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Friday 16 November 2018

Fears of war as Israel strikes back at Iran

Israeli soldiers stroll among a build-up of tanks and armoured vehicles patrolling the Golan Heights. Photo: Reuters
Israeli soldiers stroll among a build-up of tanks and armoured vehicles patrolling the Golan Heights. Photo: Reuters

Raf Sanchez Jerusalem

Israel and Iran lurched closer to all-out war yesterday after the Israeli military claimed it struck "almost all" of Iran's bases in Syria in response to what it said was an Iranian rocket barrage fired at the Golan Heights.

The exchange of fire was the most direct confrontation between the two Middle East rivals after years of stand-off in Syria and came one day after Donald Trump pulled the United States out of the Iran nuclear agreement and reimposed sanctions on the regime.

The official Syrian news agency published these images of what it says are Israeli missiles being shot down over Syrian airspace. Photo: Getty Images
The official Syrian news agency published these images of what it says are Israeli missiles being shot down over Syrian airspace. Photo: Getty Images

Israel carried out its largest wave of air strikes in Syria since the 1973 war, hitting around 70 Iranian military bases, supply depots, and intelligence sites, as well as Syrian regime air defence batteries, its military said.

"We... struck almost all the Iranian infrastructure in Syria, and they need to remember this arrogance of theirs," said Avigdor Lieberman, the Israeli defence minister. "If we get rain, they'll get a flood."

The attacks were in response to a barrage of 20 rockets that Israel said were fired by Iran's Revolutionary Guard towards the Golan, a mountainous region that Israel annexed from Syria after capturing it in 1967.

There were no casualties on the Israeli side. The country's military said its Iron Dome missile defence system intercepted four of the rockets just after midnight yesterday, while the other 16 fell harmlessly in Syrian territory.

Lebanese soldiers inspect remains of a missile that landed in the southern Lebanese village of Hebarieh. Photo: Getty Images
Lebanese soldiers inspect remains of a missile that landed in the southern Lebanese village of Hebarieh. Photo: Getty Images

At least 23 people were killed by the Israeli strikes, according to the Syrian Observatory for Human Rights. It was not clear how many of the dead were Iranians. Iran has neither confirmed nor denied that it was responsible for launching the attacks.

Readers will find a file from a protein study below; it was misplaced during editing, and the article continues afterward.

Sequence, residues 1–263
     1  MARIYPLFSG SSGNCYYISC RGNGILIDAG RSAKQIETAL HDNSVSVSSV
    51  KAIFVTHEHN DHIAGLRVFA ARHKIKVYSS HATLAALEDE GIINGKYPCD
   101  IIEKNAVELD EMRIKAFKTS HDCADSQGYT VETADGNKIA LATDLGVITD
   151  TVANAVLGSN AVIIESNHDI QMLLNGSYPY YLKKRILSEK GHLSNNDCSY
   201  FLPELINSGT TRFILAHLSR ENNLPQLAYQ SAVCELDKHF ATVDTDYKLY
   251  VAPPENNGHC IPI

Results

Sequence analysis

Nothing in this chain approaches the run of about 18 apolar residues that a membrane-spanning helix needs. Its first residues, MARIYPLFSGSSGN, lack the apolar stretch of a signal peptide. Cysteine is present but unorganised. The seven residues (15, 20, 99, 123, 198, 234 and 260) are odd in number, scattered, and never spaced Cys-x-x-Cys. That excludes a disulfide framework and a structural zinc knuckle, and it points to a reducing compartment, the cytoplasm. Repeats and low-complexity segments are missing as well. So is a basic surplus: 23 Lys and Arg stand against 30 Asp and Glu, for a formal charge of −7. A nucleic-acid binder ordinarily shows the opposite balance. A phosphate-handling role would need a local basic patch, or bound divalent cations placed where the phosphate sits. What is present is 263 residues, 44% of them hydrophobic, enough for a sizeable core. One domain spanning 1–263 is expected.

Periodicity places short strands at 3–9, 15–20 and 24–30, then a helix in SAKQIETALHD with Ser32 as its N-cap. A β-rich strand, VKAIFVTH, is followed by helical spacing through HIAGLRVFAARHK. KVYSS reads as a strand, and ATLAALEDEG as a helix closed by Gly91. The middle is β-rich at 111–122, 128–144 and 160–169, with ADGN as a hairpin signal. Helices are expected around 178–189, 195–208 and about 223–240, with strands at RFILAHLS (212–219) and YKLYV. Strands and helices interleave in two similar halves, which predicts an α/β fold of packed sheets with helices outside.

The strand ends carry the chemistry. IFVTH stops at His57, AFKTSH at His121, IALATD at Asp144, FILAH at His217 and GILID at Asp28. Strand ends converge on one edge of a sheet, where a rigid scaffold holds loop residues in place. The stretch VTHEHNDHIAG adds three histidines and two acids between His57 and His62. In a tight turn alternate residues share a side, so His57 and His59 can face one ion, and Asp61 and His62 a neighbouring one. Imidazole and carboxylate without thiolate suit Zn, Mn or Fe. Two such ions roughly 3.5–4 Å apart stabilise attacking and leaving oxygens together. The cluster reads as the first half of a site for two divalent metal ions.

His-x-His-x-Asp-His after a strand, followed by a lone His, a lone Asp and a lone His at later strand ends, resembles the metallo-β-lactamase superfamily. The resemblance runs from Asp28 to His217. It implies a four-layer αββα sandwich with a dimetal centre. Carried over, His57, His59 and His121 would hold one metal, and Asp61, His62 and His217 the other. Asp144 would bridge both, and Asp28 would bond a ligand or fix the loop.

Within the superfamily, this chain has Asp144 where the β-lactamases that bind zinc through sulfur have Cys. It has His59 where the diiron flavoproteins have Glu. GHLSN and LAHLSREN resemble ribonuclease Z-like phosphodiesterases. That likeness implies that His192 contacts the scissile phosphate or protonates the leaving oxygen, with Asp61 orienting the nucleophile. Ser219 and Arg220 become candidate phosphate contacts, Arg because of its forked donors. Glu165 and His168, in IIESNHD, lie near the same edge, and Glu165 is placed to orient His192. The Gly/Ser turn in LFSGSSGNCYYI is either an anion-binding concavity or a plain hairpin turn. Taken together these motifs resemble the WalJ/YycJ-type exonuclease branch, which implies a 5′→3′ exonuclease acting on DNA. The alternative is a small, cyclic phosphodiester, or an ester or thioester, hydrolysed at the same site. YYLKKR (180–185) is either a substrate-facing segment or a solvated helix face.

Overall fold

Israel has said repeatedly it will not allow Iran to build up a permanent military presence in Syria and is prepared to go to war to stop it.

"Whoever hurts us, we will hurt him sevenfold. Whoever tries to hurt us, we will act to hurt him beforehand," said Benjamin Netanyahu, the Israeli prime minister.

Tensions between the two sides have risen sharply since April 9, when a suspected Israeli strike on the T4 airbase in central Syria killed at least seven Iranians. Iran vowed revenge and Israel has been warning for weeks that it was expecting an Iranian attack.

Russian support: Syrian President Bashar al-Assad. Photo: Reuters
Russian support: Syrian President Bashar al-Assad. Photo: Reuters

Earlier this week, Syrian state media said Israel struck a military outpost near Damascus. The Observatory said the missiles targeted depots and rocket launchers that likely belonged to Iran's elite Revolutionary Guard, killing at least 15 people, including eight Iranians.

Britain and the US were quick to issue messages of support for Israel and condemnation of Iran. "The United Kingdom condemns in the strongest terms the Iranian rocket attacks against Israeli forces," said UK Foreign Secretary Boris Johnson. "We strongly support Israel's right to defend itself."

Meanwhile, Theresa May spoke to Mr Netanyahu by phone to express her support and to condemn the Iranian attacks, while reiterating the UK's support for the Iran deal.

Both the UK and US called on Russia to do more to rein in Iran's presence in Syria and avoid a further escalation. German Chancellor Angela Merkel, also condemned the attack in a call to Hassan Rouhani, the Iranian president.

The Israeli attacks are likely to strain the relationship between Iran and Russia, which are fighting on the same side in Syria on behalf of the Assad regime.

Israel warned Russia of its intention to launch strikes but Russian forces in Syria appear to have done nothing to shield their Iranian allies. Hours before the attack, Vladimir Putin hosted Mr Netanyahu as an honoured guest at a military parade in Moscow.

While Israel has scored tactical military victories over Iran in Syria, it has struggled with a broader diplomatic campaign to convince world powers to clamp down on Tehran. Mr Netanyahu travels regularly to Moscow but his diplomatic efforts have so far yielded few visible results.

Israel is also likely to have been emboldened by the arrival in the Trump administration of John Bolton, the new national security adviser, and Mike Pompeo, the secretary of state, who take a much more hawkish approach to Iran than their predecessors.

Russian Foreign Minister Sergey Lavrov described yesterday's strikes as a "very alarming development."

He noted that in contacts with the leadership of both countries, including a meeting on Wednesday between Mr Netanyahu and Russian President Vladimir Putin in Moscow, "we underlined the necessity of avoiding any actions that might be mutually provocative."

Meanwhile, Bahrain voiced support for Israel's strikes, in an unusual example of an Arab state publicly applauding Israel for dropping bombs on the territory of a fellow Arab state. Bahrain, Saudi Arabia and other Gulf nations share many of Israel's fears about Iran.

Irish Independent

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